Netflix tests an Instagram Stories-like feed called ‘Extras’ in its app

Netflix tests an Instagram Stories-like feed called ‘Extras’ in its app


Netflix is testing a new way to help users find something to watch and stay connected with favorite shows with the introduction of an “Extras” tab in its mobile app. The tab, spotted first by Variety, is only a test at this time and is not showing to all users.

If you are in the test group, you’ll see a new button dubbed “Extras” at the bottom of the screen, between Search and Downloads.

On Android, this is currently the “Coming Soon” section; iOS doesn’t offer this section.

However, instead of only teaser trailers as before in “Coming Soon,” you’ll now find both photos and videos from Netflix shows — including, in some cases, shows you already watch, the report notes.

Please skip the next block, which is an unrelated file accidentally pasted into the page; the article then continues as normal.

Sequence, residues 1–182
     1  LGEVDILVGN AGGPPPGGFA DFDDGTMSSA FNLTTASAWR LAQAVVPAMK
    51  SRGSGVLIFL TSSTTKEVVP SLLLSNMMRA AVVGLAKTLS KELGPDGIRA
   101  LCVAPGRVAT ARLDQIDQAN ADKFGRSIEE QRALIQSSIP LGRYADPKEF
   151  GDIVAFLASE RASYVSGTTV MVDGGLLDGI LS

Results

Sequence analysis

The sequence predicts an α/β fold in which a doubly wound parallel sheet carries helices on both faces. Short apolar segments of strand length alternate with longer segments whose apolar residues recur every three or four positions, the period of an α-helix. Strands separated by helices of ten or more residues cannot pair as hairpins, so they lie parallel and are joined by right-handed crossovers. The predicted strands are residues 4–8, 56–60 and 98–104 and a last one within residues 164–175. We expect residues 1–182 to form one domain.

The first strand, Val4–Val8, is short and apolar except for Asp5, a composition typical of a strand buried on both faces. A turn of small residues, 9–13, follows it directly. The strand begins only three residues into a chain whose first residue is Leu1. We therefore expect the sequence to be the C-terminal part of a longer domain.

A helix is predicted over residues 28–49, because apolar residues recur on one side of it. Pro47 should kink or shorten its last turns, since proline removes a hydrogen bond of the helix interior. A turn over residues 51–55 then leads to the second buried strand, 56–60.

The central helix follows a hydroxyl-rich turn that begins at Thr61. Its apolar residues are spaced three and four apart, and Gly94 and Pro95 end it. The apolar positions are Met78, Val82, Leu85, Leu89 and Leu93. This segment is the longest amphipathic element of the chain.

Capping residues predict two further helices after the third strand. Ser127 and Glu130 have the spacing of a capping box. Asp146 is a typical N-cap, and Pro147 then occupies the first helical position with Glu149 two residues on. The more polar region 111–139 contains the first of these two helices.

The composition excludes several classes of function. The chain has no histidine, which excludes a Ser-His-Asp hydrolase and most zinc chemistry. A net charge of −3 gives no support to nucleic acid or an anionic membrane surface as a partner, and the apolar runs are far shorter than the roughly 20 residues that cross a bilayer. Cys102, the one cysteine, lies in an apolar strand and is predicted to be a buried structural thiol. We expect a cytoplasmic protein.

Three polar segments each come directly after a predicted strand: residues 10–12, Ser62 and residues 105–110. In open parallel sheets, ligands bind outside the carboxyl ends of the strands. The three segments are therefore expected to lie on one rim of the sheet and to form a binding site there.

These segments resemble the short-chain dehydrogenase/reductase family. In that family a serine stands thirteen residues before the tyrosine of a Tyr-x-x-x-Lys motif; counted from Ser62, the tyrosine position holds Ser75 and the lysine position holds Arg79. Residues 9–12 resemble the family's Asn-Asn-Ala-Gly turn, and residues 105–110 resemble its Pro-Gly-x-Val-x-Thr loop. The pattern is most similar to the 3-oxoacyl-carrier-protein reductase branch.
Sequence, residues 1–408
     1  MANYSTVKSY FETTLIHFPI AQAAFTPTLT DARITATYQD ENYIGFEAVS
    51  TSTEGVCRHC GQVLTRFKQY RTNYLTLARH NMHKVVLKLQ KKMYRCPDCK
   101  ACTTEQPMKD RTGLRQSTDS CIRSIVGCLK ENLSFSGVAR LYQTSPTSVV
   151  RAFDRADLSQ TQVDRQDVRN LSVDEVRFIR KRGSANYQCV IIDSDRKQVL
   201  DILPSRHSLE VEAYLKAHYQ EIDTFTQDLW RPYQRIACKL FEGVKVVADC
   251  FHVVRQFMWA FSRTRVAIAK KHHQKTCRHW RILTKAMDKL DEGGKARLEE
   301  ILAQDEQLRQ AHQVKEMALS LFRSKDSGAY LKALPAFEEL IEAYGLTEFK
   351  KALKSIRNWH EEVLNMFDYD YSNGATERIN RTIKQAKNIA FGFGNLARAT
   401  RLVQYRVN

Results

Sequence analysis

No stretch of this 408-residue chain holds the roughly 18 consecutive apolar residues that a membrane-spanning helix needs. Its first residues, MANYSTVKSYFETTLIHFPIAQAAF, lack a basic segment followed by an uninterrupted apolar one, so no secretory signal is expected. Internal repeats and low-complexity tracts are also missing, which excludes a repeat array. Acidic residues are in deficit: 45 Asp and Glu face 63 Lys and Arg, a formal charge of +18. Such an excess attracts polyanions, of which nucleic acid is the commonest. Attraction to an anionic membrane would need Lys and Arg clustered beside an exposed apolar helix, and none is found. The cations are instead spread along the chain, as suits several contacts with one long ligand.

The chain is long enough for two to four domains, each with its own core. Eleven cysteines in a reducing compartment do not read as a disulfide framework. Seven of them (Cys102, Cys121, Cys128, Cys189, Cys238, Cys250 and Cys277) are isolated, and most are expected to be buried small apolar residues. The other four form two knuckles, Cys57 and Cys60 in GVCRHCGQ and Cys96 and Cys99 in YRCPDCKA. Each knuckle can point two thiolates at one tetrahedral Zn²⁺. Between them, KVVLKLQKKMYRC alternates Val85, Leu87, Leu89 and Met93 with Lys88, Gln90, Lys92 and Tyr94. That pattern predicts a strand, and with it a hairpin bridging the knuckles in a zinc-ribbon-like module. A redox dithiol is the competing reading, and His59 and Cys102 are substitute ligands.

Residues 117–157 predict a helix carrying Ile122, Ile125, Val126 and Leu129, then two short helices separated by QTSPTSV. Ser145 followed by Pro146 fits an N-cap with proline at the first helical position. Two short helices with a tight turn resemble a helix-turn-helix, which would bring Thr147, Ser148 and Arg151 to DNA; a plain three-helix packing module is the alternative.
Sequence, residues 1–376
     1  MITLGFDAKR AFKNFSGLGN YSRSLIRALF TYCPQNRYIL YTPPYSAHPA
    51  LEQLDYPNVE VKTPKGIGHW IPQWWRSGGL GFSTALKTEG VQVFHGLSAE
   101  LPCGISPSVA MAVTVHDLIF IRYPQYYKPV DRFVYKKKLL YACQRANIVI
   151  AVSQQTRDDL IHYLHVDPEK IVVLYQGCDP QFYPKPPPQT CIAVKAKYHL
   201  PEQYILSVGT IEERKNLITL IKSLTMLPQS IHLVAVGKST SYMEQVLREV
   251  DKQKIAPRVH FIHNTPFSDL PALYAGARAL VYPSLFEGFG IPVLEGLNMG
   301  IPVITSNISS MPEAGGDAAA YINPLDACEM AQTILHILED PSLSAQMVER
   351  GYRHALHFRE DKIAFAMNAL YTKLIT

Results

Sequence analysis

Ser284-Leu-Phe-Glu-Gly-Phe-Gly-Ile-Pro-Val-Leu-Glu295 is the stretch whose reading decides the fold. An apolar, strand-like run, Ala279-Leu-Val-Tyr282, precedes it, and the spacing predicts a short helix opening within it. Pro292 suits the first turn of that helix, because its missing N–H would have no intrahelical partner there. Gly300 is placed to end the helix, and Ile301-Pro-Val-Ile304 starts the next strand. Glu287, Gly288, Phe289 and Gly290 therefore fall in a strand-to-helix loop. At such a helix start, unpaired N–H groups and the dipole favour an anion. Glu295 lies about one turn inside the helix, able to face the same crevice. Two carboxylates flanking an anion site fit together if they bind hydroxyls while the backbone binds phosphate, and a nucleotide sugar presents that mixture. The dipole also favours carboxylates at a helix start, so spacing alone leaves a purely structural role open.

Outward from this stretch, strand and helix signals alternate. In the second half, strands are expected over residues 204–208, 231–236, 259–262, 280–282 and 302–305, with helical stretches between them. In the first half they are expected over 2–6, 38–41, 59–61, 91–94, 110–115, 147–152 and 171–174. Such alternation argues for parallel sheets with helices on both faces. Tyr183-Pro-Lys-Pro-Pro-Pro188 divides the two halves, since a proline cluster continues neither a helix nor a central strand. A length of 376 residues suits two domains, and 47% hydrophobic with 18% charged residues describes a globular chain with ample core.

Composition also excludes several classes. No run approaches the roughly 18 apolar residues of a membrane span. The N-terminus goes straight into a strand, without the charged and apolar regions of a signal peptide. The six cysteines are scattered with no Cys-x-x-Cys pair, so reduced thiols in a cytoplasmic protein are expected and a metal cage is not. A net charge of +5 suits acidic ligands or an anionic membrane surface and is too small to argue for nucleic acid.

The videos automatically play silently unless you tap the sound button, it appears. You also move through the feed horizontally. That’s a noticeable change from the “Coming Soon” section’s News Feed-like vertical scroll, and one that feels more like Instagram Stories.

And while you could previously tap “Remind Me” to add shows to your list in the “Coming Soon” section, the “Extras” section has tweaked this to display “Remind Me” on shows you currently watch and “My List” on those you want to add.

A sizable sharing button is also included, allowing you to pass along recommendations to friends through other apps.

Netflix has taken ideas from popular social platforms before, as it did when it launched its own Stories-like feature for previews. It has also leveraged social platforms for sharing recommendations — like when it added Instagram Story integrations. This feature combines both elements, in a way, so could prove popular.

The test is running on both iOS and Android, we understand.

The company confirmed the test with us in a statement:

We are testing a feed of video extras in our mobile app to help fans connect more deeply with the titles they love and discover new ones to watch. These tests typically vary in length of time and by region, and may not become permanent.

Image credit: Janko Roettgers / Variety



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